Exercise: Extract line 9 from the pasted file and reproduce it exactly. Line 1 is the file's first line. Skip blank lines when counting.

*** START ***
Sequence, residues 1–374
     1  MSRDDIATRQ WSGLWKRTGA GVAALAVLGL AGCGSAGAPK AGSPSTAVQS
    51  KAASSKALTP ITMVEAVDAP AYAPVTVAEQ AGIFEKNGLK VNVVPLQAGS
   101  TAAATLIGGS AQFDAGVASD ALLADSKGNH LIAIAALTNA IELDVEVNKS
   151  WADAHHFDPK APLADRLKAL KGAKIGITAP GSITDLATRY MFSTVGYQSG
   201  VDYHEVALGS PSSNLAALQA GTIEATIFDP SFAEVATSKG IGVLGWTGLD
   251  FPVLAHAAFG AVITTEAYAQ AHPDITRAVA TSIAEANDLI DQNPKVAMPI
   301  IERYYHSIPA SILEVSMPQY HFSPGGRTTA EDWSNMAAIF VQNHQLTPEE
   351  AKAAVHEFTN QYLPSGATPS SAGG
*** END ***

   351  AKAAVHEFTN QYLPSGATPS SAGG